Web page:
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According to tests the Mac Mini 3,1 CPU is 64-bit (grep -q "^flags.*\blm\b" /proc/cpuinfo) and supports Intel virtualization extensions (grep -q "^flags.*\bvmx\b" /proc/cpuinfo). However, after running kvm -m 512 -boot d -cdrom archlinux-2012.07.15-netinstall-dual.iso and looking in the Hardware Detection Tool, the processor is listed as not x86_64. Using -cpu kvm64 doesn't help. Is it also necessary to have a 64-bit kernel (I don't)?

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Have a look at unix.stackexchange.com/questions/43539/… - svm is the flag for AMD not Intel, i highly doubt your system has a svm flag (but this is probably unrelated to your problem) –  Ulrich Dangel Jul 31 '12 at 13:28

2 Answers 2

up vote 6 down vote accepted

I'm sorry to tell but seems like it, you need an x86_64 kernel on the host in order to run a 64bit guest.

Looking at KVM FAQ, we could read:

Can KVM run a 32-bit guest on a 64-bit host? What about PAE?

KVM supports 32-bit guests on 64-bit hosts, and any combination of PAE and non-PAE guests and hosts. The only unsupported combination is a 64-bit guest on a 32-bit host.

Virtualizing a 64bits guest on a 32bits host, would be more like an "emulation" because there would be instructions from your guest, your host won't understand. They're both different architectures but I guess we can virtualize 32 bits guest on a 64 bits host cause both architectures share a common base...

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It's too bad that they talk about "host", since it's not at all clear whether they mean the CPU or the kernel. Ah well. –  l0b0 Jul 31 '12 at 19:20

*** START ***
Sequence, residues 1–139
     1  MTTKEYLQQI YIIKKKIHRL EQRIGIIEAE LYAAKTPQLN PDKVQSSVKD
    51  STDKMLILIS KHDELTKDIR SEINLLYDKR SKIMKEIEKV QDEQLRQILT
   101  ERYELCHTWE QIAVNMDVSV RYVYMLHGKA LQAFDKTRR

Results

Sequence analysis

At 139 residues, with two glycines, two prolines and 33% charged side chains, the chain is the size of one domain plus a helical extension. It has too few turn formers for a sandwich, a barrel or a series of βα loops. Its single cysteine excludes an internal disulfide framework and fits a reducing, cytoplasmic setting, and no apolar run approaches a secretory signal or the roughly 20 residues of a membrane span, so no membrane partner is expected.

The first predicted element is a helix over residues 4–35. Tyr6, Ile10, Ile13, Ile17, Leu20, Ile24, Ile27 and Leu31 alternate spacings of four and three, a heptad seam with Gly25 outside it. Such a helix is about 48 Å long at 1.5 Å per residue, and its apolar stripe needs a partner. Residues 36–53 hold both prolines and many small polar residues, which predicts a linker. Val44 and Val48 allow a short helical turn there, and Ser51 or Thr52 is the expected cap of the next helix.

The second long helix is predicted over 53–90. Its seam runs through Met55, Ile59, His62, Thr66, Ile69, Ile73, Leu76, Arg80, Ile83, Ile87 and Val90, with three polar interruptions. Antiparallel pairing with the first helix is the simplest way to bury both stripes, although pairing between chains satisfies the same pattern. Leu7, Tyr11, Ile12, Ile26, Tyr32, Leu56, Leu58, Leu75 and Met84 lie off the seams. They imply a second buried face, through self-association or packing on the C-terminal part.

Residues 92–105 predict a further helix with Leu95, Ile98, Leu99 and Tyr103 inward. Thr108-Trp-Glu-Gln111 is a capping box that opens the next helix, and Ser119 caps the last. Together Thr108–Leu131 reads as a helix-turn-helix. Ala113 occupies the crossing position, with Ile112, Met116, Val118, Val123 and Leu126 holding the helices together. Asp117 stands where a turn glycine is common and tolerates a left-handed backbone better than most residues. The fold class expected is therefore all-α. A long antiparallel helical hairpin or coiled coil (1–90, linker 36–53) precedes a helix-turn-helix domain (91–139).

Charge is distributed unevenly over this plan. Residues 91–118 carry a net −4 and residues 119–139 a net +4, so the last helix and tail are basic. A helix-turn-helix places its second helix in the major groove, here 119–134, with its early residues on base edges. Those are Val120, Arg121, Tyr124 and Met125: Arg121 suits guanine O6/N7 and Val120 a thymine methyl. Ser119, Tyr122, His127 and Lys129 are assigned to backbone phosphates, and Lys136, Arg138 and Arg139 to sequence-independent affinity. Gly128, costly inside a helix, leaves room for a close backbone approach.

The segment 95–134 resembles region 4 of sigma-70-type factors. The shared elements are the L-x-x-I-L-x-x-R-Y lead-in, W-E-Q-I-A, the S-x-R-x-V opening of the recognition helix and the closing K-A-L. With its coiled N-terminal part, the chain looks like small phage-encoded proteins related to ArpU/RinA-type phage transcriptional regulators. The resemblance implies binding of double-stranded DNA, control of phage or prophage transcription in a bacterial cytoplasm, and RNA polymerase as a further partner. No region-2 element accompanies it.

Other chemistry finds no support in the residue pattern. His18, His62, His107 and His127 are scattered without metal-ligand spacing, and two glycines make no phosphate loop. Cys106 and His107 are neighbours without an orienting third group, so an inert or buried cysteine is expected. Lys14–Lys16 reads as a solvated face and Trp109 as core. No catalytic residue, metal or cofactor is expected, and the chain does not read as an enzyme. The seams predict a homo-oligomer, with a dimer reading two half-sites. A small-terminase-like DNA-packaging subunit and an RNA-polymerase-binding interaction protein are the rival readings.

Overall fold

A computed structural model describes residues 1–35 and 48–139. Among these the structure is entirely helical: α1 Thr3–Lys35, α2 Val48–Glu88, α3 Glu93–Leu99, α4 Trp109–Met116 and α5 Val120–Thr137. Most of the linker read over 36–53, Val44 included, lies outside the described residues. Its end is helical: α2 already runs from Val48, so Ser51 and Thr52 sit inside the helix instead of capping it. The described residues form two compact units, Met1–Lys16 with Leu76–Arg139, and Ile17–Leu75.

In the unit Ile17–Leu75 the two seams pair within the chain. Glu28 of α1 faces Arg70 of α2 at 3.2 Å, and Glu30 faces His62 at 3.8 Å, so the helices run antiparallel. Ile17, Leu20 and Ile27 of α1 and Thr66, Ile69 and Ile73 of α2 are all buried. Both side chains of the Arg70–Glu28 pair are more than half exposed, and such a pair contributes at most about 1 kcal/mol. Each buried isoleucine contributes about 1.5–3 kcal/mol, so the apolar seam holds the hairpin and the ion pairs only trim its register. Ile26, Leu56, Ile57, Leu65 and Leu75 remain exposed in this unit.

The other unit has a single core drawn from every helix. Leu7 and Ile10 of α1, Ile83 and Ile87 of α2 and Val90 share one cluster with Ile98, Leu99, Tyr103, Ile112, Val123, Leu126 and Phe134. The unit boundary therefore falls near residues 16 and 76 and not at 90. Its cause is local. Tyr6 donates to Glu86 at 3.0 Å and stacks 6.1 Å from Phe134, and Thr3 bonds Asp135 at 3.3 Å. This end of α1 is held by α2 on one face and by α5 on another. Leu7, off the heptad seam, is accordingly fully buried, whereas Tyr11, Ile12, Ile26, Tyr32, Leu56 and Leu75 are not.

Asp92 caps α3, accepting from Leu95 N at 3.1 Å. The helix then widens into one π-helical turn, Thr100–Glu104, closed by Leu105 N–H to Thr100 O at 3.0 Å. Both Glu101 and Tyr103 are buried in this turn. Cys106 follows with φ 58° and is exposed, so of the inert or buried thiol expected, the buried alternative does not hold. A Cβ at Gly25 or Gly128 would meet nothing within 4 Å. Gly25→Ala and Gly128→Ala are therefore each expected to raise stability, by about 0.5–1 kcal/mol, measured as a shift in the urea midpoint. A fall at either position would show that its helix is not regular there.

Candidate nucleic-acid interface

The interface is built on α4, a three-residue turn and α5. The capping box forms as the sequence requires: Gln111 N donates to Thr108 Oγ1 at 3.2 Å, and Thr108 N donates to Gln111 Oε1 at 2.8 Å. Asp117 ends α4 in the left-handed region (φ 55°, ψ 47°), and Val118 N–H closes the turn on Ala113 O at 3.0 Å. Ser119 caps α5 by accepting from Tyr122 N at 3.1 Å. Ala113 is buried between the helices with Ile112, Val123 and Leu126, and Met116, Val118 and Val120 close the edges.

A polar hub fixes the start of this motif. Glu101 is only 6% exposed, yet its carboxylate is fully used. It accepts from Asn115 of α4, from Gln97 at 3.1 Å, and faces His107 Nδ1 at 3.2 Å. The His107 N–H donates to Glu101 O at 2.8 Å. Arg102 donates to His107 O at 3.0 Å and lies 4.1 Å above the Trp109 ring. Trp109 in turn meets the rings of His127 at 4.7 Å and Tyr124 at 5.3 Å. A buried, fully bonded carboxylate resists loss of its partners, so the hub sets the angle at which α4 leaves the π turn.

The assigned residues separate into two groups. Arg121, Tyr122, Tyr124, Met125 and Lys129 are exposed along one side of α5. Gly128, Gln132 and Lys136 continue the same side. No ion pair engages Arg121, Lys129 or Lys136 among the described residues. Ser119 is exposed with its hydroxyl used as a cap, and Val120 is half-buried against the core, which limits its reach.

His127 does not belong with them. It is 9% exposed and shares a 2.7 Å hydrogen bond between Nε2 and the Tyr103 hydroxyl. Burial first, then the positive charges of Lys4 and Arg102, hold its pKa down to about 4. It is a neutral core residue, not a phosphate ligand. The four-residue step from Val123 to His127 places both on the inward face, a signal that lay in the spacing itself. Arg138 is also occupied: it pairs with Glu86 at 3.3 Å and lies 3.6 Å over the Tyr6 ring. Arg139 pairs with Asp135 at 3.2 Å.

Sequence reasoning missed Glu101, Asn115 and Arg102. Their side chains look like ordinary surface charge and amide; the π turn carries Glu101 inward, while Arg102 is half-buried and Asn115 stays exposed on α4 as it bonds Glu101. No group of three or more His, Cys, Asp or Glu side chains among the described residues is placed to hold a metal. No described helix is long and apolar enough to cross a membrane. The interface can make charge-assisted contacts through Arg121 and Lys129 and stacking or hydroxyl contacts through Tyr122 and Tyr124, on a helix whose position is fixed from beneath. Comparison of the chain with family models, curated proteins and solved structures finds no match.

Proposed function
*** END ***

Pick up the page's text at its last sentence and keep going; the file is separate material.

@l0b0 On Linux, you need a 64-bit kernel to run anything 64-bit. VirtualBox however can run a 64-bit guest on a 32-bit host kernel as long as your CPU has virtualization extensions (vmx/svm). –  Gilles Jul 31 '12 at 22:52
    
And the performance is correspondingly horrible. It's best to use a 64-bit host if you intend to virtualize 64-bit guests. –  Michael Hampton Jul 31 '12 at 23:24
    
After seeing @Gilles answer I went to VirtualBox documentation and they say there's overhead in such an environment so I guess they do some sort of translation/emulation that is making it to have bad performance. –  tripledes Jul 31 '12 at 23:31

You can use qemu command line argument to assign special virtual cpu. There are some type 32bit cpu.

-cpu model

Select CPU model (-cpu ? for list and additional feature selection)

qemu-system-x86_64 -cpu ? x86 qemu64 QEMU Virtual CPU version 1.4.2
x86 phenom AMD Phenom(tm) 9550 Quad-Core Processor
x86 core2duo Intel(R) Core(TM)2 Duo CPU T7700 @ 2.40GHz x86 kvm64 Common KVM processor
x86 qemu32 QEMU Virtual CPU version 1.4.2
x86 kvm32 Common 32-bit KVM processor
x86 coreduo Genuine Intel(R) CPU T2600 @ 2.16GHz x86 486
x86 pentium
x86 pentium2
x86 pentium3
x86 athlon QEMU Virtual CPU version 1.4.2
x86 n270 Intel(R) Atom(TM) CPU N270 @ 1.60GHz
x86 Conroe Intel Celeron_4x0 (Conroe/Merom Class Core 2)
x86 Penryn Intel Core 2 Duo P9xxx (Penryn Class Core 2)
x86 Nehalem Intel Core i7 9xx (Nehalem Class Core i7)
x86 Westmere Westmere E56xx/L56xx/X56xx (Nehalem-C)
x86 SandyBridge Intel Xeon E312xx (Sandy Bridge)
x86 Haswell Intel Core Processor (Haswell)
x86 Opteron_G1 AMD Opteron 240 (Gen 1 Class Opteron)
x86 Opteron_G2 AMD Opteron 22xx (Gen 2 Class Opteron)
x86 Opteron_G3 AMD Opteron 23xx (Gen 3 Class Opteron)
x86 Opteron_G4 AMD Opteron 62xx class CPU
x86 Opteron_G5 AMD Opteron 63xx class CPU

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